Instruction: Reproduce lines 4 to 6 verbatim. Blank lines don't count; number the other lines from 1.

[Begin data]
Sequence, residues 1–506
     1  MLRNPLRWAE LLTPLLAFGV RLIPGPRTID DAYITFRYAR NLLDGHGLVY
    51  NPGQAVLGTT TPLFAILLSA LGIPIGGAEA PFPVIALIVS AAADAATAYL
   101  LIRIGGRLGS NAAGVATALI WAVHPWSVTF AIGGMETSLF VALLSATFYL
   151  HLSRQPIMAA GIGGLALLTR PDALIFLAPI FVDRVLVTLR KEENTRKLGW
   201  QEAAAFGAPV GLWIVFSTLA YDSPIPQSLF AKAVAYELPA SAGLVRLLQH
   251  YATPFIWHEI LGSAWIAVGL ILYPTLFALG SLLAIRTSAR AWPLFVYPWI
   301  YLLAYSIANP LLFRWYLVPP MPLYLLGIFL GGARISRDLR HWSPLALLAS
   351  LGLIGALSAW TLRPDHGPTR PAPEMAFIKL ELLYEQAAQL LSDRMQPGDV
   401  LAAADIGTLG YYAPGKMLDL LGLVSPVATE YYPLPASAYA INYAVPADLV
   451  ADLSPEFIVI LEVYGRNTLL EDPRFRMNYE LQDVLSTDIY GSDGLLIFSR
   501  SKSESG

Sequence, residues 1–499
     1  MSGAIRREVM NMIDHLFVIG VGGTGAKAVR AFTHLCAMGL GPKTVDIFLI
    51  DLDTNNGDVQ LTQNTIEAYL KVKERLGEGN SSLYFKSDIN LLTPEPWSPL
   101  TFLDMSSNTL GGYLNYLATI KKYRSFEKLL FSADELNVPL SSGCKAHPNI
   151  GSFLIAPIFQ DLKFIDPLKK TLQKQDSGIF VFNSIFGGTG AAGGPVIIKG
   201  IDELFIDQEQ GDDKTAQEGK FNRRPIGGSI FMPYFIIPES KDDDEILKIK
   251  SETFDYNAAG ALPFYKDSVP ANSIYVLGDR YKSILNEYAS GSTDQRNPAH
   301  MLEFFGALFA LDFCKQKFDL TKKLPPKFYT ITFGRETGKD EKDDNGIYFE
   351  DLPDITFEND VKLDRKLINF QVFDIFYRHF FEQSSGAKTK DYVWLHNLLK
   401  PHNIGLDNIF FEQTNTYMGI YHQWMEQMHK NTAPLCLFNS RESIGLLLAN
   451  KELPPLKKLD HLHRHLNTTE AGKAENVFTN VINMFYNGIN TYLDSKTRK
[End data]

   101  LIRIGGRLGS NAAGVATALI WAVHPWSVTF AIGGMETSLF VALLSATFYL
   151  HLSRQPIMAA GIGGLALLTR PDALIFLAPI FVDRVLVTLR KEENTRKLGW
   201  QEAAAFGAPV GLWIVFSTLA YDSPIPQSLF AKAVAYELPA SAGLVRLLQH